3) Oxidative Pathway: This, as you may have guessed is the long distance or endurance pathway and the only one that is considered “sustainable”. Meaning that unlike the phosphagen and the Glycolytic pathways which are unsustainable (you can only do em for so long before you fatigue) The oxidative pathway can be trained to go and go. Marathon runners are an example of people who have trained their oxidative pathway to insane capacities. Basically anything lasting longer than two minutes is dominated by this pathway.

So, what is one to do? Which one is the best for me? Answer: They all are. However, here’s something to consider before you lace up your running shoes and set out for that 10k. Although the oxidative (long distance) pathway is conventionally know to decrease body fat it is also considered to be the least functional of the three and wastes the most muscle tissue as well. Studies have shown that high intensity levels of interval training (the first two pathways) burns as much, if not more body fat than long distance training does. Studies have also shown that training in the first two pathways increases ability in the third, however training in the third pathway actually decreases ability in the first and second. Meaning those long runs and bike rides could be the very thing preventing you from getting that sculpted physique we so long for. Need proof? Just compare the bodies of sprinters and long distance runners.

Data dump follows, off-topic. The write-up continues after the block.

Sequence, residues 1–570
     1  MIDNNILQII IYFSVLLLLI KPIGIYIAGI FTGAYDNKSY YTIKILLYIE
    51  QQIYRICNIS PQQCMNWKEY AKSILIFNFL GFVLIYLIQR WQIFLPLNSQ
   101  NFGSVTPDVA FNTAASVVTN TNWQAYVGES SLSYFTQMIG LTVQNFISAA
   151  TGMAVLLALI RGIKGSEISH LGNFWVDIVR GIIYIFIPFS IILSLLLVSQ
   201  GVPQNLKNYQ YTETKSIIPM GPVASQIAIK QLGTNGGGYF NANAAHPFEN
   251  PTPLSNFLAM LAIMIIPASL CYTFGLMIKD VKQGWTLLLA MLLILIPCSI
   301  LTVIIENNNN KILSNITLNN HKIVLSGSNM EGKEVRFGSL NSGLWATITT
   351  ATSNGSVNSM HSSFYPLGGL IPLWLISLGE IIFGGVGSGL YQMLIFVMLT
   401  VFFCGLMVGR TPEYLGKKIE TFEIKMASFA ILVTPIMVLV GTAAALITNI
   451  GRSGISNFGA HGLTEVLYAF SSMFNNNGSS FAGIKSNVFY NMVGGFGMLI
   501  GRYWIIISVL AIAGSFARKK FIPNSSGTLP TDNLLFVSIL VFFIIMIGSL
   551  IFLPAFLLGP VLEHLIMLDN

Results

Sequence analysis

My opinion? Keep the cardio brief and intense (under 30 minutes). Use intervals when you do cardio. Don’t get sucked into the belief that you should be on the treadmill for an hour at the same pace. Warm up, tax your central nervous system, push your limits, and get out. You will get all the benefits of long distance endurance training, all the while expanding and improving your overall strength and ability.

Happy cardioing!

To your health,

Justin Schollard


About Justin Schollard

Health and fitness professional. View all posts by Justin Schollard

3 responses to “Cardio: How much is enough?

  • ucfknight46

    Beautifully explained and extremely accurate! I love my high intensity functional training workouts, and I’m all about sprints 80% of the time with one day a week dedicated to long distance runs or bike! Great post!

  • Braden

    I awyals thought higher intensity but would be interested to see what others think too.References :

    • Justin Schollard

      As with any routine variation is equally important. Setting out for a 5k isn’t a “bad” thing to do. My point is that all too often people rely on endurance training as their primary mode of exercise. Things like plyometrics, calisthenics, sprinting and weight lifting burn just as many if not more calories than endurance training, but without sacrificing strength, agility, balance, power, speed and stamina. Intensity is what gives your body’s unique genetic disposition the impetus to change or adapt to a greater level of fitness.

      Thanks for the comment and for reading!!